SWK-7004X

30

PROFESSIONAL DEVELOPMENT

This module is available to MA Social Work students only and is taken in the second year of the programme. It incorporates 3 elements of learning and assessment, all of which must be passed to enable students to complete their studies. The practice element, a minimum of 100 days on placement, is a key feature of this module and takes place between September and March. From this practice learning setting students choose a piece of work to write about for their case study assignment. This module also requires students to undertake an observation exercise on a young child to increase their knowledge of child development and to acquire observational, analytical and self-awareness skills that are relevant to a range of social work contexts. The learning and practice development in this module is supported via a variety of methods, including supervision on placement, seminars and group discussion at UEA.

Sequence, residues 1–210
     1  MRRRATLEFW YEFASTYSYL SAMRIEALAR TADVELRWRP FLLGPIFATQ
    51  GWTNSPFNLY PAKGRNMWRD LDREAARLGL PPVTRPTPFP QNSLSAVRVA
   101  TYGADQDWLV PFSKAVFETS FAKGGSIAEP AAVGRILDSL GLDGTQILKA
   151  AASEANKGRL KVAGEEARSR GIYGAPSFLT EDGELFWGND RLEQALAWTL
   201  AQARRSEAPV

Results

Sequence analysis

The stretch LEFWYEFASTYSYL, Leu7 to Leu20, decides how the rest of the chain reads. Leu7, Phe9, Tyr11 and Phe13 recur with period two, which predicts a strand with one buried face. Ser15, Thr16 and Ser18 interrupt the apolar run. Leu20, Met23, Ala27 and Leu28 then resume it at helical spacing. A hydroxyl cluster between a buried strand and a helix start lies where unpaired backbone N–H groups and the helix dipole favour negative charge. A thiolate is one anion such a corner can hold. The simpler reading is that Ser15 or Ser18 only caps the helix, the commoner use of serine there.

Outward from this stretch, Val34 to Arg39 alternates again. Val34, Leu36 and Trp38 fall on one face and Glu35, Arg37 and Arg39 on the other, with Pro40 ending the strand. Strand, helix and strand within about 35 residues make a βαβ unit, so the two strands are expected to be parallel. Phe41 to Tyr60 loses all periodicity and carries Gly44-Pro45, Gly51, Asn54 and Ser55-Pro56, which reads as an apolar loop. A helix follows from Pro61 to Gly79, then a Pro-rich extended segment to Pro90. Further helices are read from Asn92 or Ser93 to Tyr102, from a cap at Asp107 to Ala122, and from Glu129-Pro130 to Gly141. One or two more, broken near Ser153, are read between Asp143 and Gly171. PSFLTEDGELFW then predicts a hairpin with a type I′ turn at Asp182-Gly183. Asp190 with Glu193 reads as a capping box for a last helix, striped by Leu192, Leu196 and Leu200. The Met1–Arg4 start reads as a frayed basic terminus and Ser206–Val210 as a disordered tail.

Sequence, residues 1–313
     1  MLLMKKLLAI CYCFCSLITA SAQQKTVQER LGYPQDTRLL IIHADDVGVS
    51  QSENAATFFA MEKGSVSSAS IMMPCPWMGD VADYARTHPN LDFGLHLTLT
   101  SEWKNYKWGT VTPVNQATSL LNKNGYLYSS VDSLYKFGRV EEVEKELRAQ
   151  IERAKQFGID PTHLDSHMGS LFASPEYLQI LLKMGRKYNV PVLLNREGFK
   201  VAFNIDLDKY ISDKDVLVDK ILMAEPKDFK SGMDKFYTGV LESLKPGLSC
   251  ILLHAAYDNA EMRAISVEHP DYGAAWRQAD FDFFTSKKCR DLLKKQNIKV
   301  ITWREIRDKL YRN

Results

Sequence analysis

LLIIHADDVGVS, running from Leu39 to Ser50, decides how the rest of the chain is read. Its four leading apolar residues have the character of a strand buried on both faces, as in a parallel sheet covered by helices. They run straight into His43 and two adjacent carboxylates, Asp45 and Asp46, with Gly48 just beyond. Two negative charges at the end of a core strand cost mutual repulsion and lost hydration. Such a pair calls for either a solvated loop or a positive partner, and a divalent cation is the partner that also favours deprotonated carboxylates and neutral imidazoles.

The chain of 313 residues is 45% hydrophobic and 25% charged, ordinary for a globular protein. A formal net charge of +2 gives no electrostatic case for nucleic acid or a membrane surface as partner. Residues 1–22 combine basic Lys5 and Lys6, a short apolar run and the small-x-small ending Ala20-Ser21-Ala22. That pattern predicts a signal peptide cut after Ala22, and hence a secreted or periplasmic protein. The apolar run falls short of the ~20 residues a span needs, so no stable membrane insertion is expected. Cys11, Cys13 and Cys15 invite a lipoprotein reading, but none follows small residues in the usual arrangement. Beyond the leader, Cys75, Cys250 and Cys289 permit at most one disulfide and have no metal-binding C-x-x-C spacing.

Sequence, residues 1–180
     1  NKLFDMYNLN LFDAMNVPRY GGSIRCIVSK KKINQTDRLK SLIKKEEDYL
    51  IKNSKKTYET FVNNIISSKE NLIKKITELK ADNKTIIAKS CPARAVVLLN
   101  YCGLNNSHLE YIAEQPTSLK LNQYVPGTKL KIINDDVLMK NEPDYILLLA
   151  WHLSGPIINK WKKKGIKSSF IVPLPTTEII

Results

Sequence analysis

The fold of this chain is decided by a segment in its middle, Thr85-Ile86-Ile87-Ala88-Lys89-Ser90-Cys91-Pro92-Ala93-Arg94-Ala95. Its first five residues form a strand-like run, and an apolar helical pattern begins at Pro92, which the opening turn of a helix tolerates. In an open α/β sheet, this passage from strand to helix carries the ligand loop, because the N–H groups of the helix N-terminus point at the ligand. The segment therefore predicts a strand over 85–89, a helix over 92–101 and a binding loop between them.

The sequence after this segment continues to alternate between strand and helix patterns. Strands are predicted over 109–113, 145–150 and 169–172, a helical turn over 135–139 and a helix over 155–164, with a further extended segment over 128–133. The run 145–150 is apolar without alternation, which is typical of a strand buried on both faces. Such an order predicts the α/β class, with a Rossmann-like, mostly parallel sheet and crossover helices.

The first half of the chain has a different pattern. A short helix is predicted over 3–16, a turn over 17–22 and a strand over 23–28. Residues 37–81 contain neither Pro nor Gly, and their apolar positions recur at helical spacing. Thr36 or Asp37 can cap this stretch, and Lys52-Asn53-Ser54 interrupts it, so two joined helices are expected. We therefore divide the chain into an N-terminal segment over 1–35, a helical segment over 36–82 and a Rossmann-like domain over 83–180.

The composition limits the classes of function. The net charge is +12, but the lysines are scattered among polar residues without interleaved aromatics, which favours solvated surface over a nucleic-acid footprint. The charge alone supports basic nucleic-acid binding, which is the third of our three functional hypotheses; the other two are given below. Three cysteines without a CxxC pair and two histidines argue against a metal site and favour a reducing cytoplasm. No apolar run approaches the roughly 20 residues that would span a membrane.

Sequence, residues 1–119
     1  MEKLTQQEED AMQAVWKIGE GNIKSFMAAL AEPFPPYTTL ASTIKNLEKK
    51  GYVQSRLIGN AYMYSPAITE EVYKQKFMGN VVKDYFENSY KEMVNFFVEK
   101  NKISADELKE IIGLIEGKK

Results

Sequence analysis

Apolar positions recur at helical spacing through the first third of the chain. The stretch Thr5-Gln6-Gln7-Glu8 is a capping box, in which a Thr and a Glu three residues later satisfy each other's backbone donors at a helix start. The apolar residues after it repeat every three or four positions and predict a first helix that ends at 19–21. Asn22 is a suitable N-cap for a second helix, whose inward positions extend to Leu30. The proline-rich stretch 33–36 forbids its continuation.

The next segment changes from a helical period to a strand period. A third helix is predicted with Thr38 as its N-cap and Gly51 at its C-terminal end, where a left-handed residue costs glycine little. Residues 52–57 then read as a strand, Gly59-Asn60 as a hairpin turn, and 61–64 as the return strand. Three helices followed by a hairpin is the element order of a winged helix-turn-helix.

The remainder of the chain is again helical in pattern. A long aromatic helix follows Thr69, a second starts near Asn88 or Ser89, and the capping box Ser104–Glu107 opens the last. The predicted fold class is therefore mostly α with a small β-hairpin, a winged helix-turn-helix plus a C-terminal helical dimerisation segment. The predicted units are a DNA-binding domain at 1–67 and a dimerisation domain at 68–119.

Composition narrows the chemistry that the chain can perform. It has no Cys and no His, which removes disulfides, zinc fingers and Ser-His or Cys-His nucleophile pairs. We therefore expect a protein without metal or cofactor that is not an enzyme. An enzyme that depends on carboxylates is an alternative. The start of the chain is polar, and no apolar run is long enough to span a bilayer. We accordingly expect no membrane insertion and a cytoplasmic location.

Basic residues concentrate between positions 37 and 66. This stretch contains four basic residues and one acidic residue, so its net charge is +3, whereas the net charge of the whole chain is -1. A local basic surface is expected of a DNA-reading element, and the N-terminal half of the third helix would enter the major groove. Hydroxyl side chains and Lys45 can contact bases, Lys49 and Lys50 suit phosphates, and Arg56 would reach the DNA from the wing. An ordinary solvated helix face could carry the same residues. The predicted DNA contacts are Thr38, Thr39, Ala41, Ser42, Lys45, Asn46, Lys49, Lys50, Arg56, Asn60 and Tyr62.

SWK-7018Y

40

WORKING WITH SERVICE USERS II

THIS IS A CLOSED MODULE FOR SOCIAL WORK STUDENTS ONLY Within this module students may choose to focus on the study of social work with children and families or social work with adults (older people, people with disabilities or mental illness). Students must attend teaching on at least two service-user groups but may attend more if they wish. Assessment is by means of course work, with students being given a choice of titles, focusing on practice with different user groups within social work. This module is available only to students on the MA in Social Work course.

SWK-7002B

20

Disclaimer